Custodial Interference In Arizona
Under A.R.S. section 13-1302(A)(2), a person commits custodial interference if, "knowing or having reason to know that the person has no legal right to do so, . . . before the entry of a court order determining custodial rights, [he] takes, entices or withholds any child from the other parent denying that parent access to any child."
Thomas argues that section 13-1302(A)(2) requires that there be ongoing court proceedings concerning custody before a person can be charged with custodial interference.
The State contends that section 13-1302(A)(2) does not require the pendency of a custody proceeding before a person can be guilty of custodial inference.
Instead, the State argues that section 13-1302(A)(2) applies to any parent who interferes with the other parent's right of access to and custody of a child by taking or withholding that child from the other parent.
A trial court should dismiss a criminal case upon the defendant's motion only if "the indictment, information, or complaint is insufficient as a matter of law." Ariz. R. Crim. P. 16.6(b).
Although we generally review the trial court's granting of a motion to dismiss for an abuse of discretion, this is entirely a matter of statutory interpretation that we review de novo. See State v. Melvern, 192 Ariz. 154, 155, P2, 962 P.2d 228, 229 (App. 1998).
Our goal in interpreting a statute is to effectuate the intent of the legislature. See State v. Getz, 189 Ariz. 561, 563, 944 P.2d 503, 505 (1997).
In construing criminal statutes we apply practical, common sense constructions, not hyper-technical ones that would tend to frustrate legislative intent. See State v. Cornish, 192 Ariz. 533, 537, P16, 968 P.2d 606, 610 (App. 1998).
When "a statute's language is clear and unambiguous, we must give effect to that language and need not employ other rules of statutory construction." State v. Riggs, 189 Ariz. 327, 333, 942 P.2d 1159, 1165 (1997).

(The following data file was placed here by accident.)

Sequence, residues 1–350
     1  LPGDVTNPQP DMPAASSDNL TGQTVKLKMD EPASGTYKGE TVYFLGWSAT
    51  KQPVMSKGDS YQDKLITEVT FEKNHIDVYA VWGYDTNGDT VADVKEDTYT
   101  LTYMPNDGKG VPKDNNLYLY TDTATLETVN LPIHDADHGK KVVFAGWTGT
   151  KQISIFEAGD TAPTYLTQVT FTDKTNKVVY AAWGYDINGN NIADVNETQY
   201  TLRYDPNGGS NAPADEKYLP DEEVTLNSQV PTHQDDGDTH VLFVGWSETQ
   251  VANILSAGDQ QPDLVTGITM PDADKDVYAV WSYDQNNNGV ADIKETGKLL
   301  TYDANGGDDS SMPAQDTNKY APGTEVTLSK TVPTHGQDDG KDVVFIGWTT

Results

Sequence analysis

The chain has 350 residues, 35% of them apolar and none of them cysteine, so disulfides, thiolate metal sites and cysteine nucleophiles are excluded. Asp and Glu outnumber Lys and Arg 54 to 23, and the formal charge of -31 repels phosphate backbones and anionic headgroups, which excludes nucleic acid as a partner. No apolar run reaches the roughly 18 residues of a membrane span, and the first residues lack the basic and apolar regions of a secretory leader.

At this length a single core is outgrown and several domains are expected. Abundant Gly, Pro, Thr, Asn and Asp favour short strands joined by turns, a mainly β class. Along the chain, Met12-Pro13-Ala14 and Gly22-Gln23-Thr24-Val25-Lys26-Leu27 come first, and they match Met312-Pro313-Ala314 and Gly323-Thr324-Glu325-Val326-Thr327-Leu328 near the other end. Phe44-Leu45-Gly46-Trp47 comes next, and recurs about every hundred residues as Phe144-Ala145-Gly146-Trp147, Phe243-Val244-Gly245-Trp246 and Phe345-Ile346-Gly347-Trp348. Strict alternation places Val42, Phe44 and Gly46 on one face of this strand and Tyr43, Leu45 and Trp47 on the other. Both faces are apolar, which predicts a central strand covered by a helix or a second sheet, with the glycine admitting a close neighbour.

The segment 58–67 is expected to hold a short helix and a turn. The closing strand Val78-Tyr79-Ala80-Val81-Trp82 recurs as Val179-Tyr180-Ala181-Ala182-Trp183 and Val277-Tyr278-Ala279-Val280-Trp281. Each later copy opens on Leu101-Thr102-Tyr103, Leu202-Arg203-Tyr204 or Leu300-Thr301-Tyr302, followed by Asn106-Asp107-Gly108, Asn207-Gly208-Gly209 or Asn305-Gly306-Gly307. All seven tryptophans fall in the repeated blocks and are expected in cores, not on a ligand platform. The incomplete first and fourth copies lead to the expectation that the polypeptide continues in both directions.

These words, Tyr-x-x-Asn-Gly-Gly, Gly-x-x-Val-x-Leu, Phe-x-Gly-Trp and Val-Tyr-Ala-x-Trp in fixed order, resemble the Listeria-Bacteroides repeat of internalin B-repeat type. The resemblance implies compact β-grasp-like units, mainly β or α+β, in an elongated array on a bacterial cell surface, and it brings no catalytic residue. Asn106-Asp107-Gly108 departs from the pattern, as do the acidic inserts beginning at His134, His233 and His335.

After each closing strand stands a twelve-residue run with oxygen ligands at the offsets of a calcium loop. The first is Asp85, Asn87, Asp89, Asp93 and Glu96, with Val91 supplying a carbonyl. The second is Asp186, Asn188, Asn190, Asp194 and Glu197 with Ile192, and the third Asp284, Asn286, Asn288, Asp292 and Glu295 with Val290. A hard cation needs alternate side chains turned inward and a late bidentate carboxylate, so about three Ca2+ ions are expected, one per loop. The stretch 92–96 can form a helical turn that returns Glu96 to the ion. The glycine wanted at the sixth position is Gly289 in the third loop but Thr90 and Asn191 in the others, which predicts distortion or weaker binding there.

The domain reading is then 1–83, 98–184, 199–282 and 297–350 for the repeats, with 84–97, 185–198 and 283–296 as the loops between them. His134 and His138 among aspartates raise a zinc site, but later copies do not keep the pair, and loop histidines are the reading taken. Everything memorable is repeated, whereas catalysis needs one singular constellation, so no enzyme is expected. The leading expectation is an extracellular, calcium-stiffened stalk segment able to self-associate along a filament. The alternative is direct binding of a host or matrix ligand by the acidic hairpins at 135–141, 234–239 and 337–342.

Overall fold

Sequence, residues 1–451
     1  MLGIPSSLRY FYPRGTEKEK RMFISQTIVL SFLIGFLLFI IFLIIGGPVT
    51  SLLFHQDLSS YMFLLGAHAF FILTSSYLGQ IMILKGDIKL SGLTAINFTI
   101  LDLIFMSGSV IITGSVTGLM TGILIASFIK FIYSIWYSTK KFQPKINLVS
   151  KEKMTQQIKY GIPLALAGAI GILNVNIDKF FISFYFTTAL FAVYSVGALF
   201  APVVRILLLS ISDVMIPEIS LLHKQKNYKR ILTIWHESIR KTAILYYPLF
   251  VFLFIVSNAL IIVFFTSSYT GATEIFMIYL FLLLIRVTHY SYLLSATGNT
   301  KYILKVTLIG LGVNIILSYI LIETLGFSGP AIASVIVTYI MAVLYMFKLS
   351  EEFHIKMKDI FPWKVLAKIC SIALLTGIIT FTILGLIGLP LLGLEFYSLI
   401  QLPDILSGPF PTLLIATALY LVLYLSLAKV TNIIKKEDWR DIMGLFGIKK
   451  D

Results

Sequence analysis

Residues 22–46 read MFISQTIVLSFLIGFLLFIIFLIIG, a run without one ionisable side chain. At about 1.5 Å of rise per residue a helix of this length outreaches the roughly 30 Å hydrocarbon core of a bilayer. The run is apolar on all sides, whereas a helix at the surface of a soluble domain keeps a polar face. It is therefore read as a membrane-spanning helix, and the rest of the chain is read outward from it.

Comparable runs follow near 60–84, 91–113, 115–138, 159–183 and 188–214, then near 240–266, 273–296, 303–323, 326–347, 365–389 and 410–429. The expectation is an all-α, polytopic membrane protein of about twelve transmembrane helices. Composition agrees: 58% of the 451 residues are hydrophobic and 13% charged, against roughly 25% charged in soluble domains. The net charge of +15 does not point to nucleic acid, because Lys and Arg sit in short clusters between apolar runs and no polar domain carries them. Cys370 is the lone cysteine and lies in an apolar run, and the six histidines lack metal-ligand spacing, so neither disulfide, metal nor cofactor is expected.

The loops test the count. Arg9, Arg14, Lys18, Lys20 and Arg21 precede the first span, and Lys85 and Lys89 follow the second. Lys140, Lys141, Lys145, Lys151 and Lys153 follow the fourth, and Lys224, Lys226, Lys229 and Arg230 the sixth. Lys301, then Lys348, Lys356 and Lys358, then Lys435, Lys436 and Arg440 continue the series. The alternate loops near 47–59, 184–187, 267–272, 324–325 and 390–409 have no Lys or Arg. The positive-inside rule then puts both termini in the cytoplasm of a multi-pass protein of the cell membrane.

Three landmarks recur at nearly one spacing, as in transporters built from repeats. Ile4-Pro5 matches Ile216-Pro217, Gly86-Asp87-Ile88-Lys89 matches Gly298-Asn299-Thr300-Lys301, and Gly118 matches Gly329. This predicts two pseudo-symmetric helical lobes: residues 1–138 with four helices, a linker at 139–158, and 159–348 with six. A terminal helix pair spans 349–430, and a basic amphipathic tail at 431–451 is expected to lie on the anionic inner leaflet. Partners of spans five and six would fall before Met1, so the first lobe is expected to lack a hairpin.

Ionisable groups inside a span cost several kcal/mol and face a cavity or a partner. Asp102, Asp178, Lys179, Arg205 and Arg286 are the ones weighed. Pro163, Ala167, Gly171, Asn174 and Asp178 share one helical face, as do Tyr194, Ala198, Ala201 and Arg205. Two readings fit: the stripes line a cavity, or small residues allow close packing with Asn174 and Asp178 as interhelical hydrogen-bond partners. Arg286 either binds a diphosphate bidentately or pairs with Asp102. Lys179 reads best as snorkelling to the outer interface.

When a statute is not clear, we determine the legislature's intent by reading the statute as a whole, and by considering its context, subject matter, historical background, consequences, and effects. See State v. Garcia, 189 Ariz. 510, 513, 943 P.2d 870, 873 (App. 1997). Statutory provisions are to be "construed in context with related provisions and in light of their place in the statutory scheme." State v. Wilhite, 160 Ariz. 228, 230, 772 P.2d 582, 584 (App. 1989).
A practical and common-sense reading of the language of section 13-1302(A)(2) compels us to hold that pending custody proceedings are not a prerequisite to a prosecution for custodial interference under this section.
The legislative history of the present version of the custodial interference statute supports our interpretation of section 13-1302(A)(2).
The staff of the Arizona Senate explained that the purpose of the bill amending the former version of A.R.S. section 13-1302 was to increase "the scope of actions which come under custodial interference and the penalties which result from such offenses." Arizona State Senate, Final Revised Fact Sheet for H.B. 2248, 43rd Legislature-First Regular Session (1997).
Additionally, the relevant minutes from the committees that reviewed the bill suggest that the purpose of the provision was to codify existing case law giving both parents equal access to their child and forbidding either parent from hiding a child from the other.
See Minutes of Senate Committee on Family Services, 43rd Legislature-First Regular Session (Ariz. Mar. 19, 1997); Minutes of House Committee on Family Services, 43rd Legislature-First Regular Session (Ariz. Jan. 30, 1997); Minutes of House Committee on Judiciary, 43rd Legislature-First Regular Session (Ariz. Feb. 12, 1997).
If the legislature's purpose was to increase the scope of Arizona's custodial interference statute, it is unlikely that it would have criminalized only conduct that occurs after court proceedings have begun but ignored conduct that occurs before such proceedings.